India economic viewpoints, January 2023

Healthy domestic drivers will help India post strong growth of 6.5%–6.9% in FY 2022–23, but global economic exigencies may cast their shadows on the outlook for the rest of 2023.

Apart from the customary change in dates, very little in the new year feels different from the one gone by for the global economy. Geopolitical uncertainties continue unabated, a legacy of the last year, and there’s wide consensus among economists now that the global economy is on the verge of entering a phase of severe slowdown.

It is unlikely that India will remain insulated from these developments. But here is a bit of good news as far as India’s economy goes—there are enough reasons to be optimistic about India’s economic outlook in 2023. In particular, healthy domestic drivers will likely help the country post reasonably strong growth this year.

The private sector balance sheet has improved over the past couple of years, implying that the private sector is poised to increase spending, which can boost capex as and when the investment cycle picks up. Besides, corporate deleveraging has improved banks’ balance sheets, aiding the banking system to come out of the asset quality cycle. Furthermore, high goods and services tax (GST) and direct tax collections have provided the government ammunition to spend and cushion the impact of the impending global slowdown and keep the economy buoyant. Consumer demand among the affluent class remains strong as is evident from the robust growth in the retail industry and the better profit performance of consumer staples and discretionary companies in recent quarters. Also, recent labor market data suggests a strong rise in labor force participation and job creation in certain sectors. However, job growth has to sustainably improve to translate into durable demand growth.

The path to sustained recovery, however, will be distorted, given three major challenges India is likely to face. First, inflation will likely remain high this year even though it may have already peaked or may peak soon. Second, aggressive tightening of monetary policies across the central banks of advanced economies is likely to cause a global slowdown this year, impacting domestic investment and consumer demand as the proclivity to save increases. Tighter liquidity conditions may also result in capital outflows and a rising imbalance in the balance of payment account. Third, the labor market is yet to improve, and the pandemic’s seemingly imminent return remains a wild card that could derail the strong recovery in the services sector as well as consumer demand, both of which are critical to GDP growth.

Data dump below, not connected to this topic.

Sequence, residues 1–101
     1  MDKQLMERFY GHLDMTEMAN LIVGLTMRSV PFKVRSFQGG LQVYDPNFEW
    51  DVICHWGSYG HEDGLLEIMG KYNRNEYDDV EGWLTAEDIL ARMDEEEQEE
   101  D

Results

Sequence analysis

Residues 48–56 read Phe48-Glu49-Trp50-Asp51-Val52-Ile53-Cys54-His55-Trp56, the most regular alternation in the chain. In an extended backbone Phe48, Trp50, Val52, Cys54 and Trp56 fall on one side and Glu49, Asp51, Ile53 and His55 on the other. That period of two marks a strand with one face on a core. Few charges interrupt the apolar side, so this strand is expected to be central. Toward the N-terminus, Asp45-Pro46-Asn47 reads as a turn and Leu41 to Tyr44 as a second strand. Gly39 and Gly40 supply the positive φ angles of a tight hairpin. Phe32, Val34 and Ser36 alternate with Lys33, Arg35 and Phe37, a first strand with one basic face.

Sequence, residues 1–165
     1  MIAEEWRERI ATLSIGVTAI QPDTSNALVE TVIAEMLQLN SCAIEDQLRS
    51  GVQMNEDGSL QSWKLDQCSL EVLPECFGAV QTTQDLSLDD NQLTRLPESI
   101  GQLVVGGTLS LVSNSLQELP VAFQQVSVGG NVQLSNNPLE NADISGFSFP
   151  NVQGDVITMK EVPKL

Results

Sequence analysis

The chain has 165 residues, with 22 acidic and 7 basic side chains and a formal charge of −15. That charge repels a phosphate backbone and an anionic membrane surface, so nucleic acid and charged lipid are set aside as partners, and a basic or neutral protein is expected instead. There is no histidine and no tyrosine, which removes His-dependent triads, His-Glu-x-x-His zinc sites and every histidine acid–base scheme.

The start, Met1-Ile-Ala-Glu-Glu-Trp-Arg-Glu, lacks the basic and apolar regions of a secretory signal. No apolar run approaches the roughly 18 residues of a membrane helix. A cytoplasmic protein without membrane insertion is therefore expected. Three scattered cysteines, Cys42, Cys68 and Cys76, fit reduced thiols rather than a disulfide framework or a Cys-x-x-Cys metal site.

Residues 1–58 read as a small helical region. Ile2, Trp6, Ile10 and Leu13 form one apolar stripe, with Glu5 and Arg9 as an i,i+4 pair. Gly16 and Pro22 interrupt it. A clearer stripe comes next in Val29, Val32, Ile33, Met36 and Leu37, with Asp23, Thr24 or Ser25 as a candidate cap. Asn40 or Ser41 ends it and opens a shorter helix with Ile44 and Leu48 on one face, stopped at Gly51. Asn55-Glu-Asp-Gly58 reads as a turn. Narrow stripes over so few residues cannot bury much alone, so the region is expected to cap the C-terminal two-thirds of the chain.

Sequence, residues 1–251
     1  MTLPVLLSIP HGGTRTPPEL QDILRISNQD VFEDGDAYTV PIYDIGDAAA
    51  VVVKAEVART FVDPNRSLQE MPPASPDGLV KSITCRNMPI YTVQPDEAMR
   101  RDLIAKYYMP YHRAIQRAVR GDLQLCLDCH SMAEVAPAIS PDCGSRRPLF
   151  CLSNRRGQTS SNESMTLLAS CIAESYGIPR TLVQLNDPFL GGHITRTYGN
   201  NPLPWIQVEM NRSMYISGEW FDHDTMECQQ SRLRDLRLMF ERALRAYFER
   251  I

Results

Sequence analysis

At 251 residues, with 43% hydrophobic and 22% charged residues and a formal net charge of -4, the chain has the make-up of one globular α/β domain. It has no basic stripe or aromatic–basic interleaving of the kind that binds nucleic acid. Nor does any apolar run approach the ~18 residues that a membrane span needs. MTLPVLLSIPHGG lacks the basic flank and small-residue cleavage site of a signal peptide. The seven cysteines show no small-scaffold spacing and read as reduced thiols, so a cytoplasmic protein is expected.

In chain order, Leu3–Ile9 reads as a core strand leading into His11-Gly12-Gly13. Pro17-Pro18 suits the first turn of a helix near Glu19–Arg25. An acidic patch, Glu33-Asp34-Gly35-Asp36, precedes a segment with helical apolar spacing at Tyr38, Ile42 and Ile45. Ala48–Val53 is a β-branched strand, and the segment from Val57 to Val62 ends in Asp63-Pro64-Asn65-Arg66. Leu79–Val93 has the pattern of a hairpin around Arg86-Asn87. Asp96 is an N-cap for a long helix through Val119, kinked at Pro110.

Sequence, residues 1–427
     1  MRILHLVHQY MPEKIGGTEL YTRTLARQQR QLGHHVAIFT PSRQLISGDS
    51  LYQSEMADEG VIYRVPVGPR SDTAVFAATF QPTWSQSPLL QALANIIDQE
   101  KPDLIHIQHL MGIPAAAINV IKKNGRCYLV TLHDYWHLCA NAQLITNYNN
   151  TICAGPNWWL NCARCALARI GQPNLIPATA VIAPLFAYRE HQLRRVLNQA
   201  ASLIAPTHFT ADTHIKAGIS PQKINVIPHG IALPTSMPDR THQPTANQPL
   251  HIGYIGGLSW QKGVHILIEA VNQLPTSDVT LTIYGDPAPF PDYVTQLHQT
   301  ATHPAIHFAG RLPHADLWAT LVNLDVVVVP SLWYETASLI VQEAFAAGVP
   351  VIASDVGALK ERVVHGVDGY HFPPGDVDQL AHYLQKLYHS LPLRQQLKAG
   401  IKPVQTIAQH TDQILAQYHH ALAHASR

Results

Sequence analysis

Given that the economy turned out to be weaker in H1 FY 2022–23 than we had anticipated, we have revised our outlook. We expect India to grow in the range of 6.5%–6.9% in FY 2022–23 and 5.8%–6.3% in FY 2023–24. Considering the extent of volatility associated with the global and domestic economy, we are restricting the duration of our projection to just a year ahead. Hopefully, we will be better positioned to predict beyond a year by the next outlook release.

There is more to the data than meets the eye

India’s GDP grew by 6.3% year over year (YOY) in the July–September quarter of FY23. While this growth appears substantially lower compared to the April–June quarter (13.5%), strong growth in the latter was because of the low base effect. In 2021 this quarter, the economy was severely impacted by the second wave of the infection and consequent mobility restrictions, which dragged economic activity down.

It is heartening to see that, from the expenditure side of accounting, gross fixed capital investment and private consumption remained robust and grew by 10% YOY. Participation of the state governments and the private sector in investment spending was low. Strong growth in private consumption, especially in the discretionary segment, is a good sign and may cue the private sector to boost investment, which has remained muted despite higher capacity utilization. All other drivers weighed on growth. Negative inventories suggest that businesses preferred to exhaust their stocks, which means that they will have to ramp up production if consumer spending holds up.

Surprisingly, government spending contracted by 4.4%, taking away a chunk of the GDP growth in Q2. This was despite strong revenue growth in the quarter. Both exports and imports increased, but the latter accelerated faster thereby widening the current account deficit.

On the production side, gross value added (GVA) grew by 5.6%. Contraction in manufacturing and mining sectors (–4.3% and –2.8% YOY, respectively) weighed on the overall sectoral contributions to economic activity. In our previous outlook, we highlighted the issue around the possible low contribution of manufacturing, despite the sustained push by the government. The revival of the services sector by 9.3% helped boost growth, with the “trade, hotels, transport, communication, and services related to broadcasting” sectors witnessing very strong growth of 14.7%. That said, these sectors remained below the pre-pandemic trend levels (and are the only services sectors that have not yet caught up). Agriculture grew at a healthy rate of 4.6% despite the unseasonal and uneven pattern of rains.